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Enabling Access for Persons with Disabilities to Higher Education and Workplace: Role of ICT and Assistive Technologies
The Indian Institute of Management, Bangalore, India and Fourth Wave Foundation held a conference on “Access for Persons with Disabilities to Higher Education and Workplace: Role of ICT and Assistive Technologies” on 20 and 21 January 2012. This was part of the Foundation’s ‘never-the-less’ initiative to share best practices on enabling access for persons with disabilities.
India, among other emerging countries, has one of the highest proportions of disabled people in the world. A study by World Health Organization estimates that nearly 70% of disabled people reside in emerging economies, including India. As per the National Census (2011), 6-7% of India's population is disabled, which includes both physical and learning disabilities. With such a large population of persons with disability in India, there's an urgent need of both awareness creation and action towards providing a dignified life to our co-citizens. The current plight of Persons with Disabilities is far from justified, both in our society and workplace. In our country, Persons with Disabilities Act 1995, promotes employment of persons with disabilities through a scheme of quota to the extent of 3% in all government departments (Central and State government), public sector undertakings and local authorities.
The Indian Higher Education system is said to be the world’s third largest, preceded by the ones in China and United States. However higher education in India, in itself stands for a great contradiction. On one side, the Indian Institute of Technology (IIT) ranks among the best universities of the world, and on the other there are numerous schools which lack proper infrastructure for basic student needs. In the midst of all these problems is a nation that is working towards ensuring equal access and education for all.
Over the last few years, educational institutes, especially those involved in higher education, have been taking steps to give equal access to people from diverse economic and social backgrounds. To promote higher education for persons with disabilities, government-funded institutions (including IITs and the Indian Institute of Management) have been reserving 3% of its seats for persons with visual, hearing and locomotor disabilities. As a result we can see our campuses being more vibrant. But this equity has not yet reached persons with disability, partly because of lack of awareness and sensitivity, and also because of limited infrastructural support.
If we were to look at efforts across the nation, we see struggles at various quarters to ensure inclusion of persons with disabilities (PWDs), as they lack many opportunities available to the mainstream populace. The rights enumerated in the Universal Declaration of Human Rights, would be enough to protect everyone, ideally. However in practice, certain groups such as PWDs, specifically women and children with disabilities, fare far worse than others.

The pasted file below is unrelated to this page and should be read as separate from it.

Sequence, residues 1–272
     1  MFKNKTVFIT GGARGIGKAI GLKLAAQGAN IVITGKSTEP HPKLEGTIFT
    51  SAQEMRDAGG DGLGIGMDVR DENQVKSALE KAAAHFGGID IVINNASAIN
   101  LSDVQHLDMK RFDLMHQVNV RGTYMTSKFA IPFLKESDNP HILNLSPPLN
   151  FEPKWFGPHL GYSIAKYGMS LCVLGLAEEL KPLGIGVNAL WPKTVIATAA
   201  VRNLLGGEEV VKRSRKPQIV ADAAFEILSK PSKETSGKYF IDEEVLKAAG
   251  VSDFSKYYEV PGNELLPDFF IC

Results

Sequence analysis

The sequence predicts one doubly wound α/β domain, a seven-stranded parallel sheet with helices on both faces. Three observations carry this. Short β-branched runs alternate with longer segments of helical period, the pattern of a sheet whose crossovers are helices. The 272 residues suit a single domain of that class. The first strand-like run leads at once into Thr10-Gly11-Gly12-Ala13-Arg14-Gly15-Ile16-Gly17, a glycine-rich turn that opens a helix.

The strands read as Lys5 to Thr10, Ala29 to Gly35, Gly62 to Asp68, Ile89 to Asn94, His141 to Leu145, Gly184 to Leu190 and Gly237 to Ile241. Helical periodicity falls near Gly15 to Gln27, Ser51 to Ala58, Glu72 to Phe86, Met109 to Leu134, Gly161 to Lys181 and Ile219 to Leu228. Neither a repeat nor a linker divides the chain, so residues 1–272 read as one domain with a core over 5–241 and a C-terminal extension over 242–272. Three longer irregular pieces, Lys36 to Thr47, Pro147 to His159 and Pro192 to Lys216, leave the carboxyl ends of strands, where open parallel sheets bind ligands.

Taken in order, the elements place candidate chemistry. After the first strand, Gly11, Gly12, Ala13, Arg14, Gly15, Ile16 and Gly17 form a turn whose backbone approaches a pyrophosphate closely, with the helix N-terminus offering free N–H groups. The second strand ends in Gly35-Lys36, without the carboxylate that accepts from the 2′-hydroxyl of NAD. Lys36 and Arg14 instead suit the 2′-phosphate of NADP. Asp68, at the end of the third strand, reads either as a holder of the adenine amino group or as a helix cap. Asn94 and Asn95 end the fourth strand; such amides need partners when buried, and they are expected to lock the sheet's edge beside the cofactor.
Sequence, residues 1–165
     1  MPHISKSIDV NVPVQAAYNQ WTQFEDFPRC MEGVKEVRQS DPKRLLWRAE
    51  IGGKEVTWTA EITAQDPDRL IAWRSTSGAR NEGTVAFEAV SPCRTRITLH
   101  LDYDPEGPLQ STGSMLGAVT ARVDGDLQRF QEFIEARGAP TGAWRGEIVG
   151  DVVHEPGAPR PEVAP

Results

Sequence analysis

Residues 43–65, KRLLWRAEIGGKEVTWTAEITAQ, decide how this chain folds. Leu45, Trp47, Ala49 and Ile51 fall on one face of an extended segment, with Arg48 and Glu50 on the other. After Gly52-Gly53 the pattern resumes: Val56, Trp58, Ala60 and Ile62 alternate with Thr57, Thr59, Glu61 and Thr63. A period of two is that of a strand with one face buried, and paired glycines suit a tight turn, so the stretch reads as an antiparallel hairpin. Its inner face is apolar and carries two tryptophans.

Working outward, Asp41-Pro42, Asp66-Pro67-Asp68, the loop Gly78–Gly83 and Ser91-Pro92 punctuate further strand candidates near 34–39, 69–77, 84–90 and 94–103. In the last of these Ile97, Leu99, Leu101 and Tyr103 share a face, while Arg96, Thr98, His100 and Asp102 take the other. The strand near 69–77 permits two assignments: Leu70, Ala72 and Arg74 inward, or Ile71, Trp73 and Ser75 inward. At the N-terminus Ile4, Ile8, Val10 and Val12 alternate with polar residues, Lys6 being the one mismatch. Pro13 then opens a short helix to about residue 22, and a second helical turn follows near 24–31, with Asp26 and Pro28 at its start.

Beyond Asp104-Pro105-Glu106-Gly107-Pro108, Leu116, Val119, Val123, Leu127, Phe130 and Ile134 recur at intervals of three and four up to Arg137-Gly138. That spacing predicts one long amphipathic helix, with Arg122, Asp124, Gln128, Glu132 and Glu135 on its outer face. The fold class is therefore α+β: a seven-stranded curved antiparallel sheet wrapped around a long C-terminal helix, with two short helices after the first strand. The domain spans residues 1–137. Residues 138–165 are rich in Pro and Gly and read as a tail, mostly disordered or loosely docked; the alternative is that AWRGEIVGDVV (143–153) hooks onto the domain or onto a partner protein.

International conventions are in place to protect and promote the human rights of these groups, with access to education being one of the basic rights. Working on the theme of the conference “Access for Persons with Disabilities to Higher Education and Workplaces” we looked at various efforts made by individuals, institutions, companies and public /civic organisations in trying to address these issues.
With the intent of generating such awareness and creating an atmosphere of equal opportunity towards inclusivity at academic institutions and workplaces, this conference is an initiative in bringing the key stakeholders together. These stakeholders come from NGOs, corporate and educational institutes and activists from across India.
The aim of the conference was to draw attention to three broad areas of intervention that needs to be dealt with from the government, educational and industrial forces:
Some of the key questions addressed to HR managers present at the conference were:
1. What are the sources of recruitment most easily accessible to PWD? Are these the same that managers utilize?
2. Can an organization tap vocational schools where PWD learn skills in order to fill niche jobs?
3. What training (if any) is provided to those who recruit PWD? Are organizations ensuring that biases do not creep in
4. Can HR managers design feedback mechanisms that ensure managers provide realistic and supportive feedback to PWD?
5. Does the organization offer disability specific socialization programs that help PWD integrate fully in organizations with their
Panel discussion: "How institutes of learning can work with corporates" chaired by
1) Mr Sridhar, Knowledge Commissioner, Karnataka Jnana Aayoga
Find out more about Never the Less on their website: http://nevertheless.in/the-conference/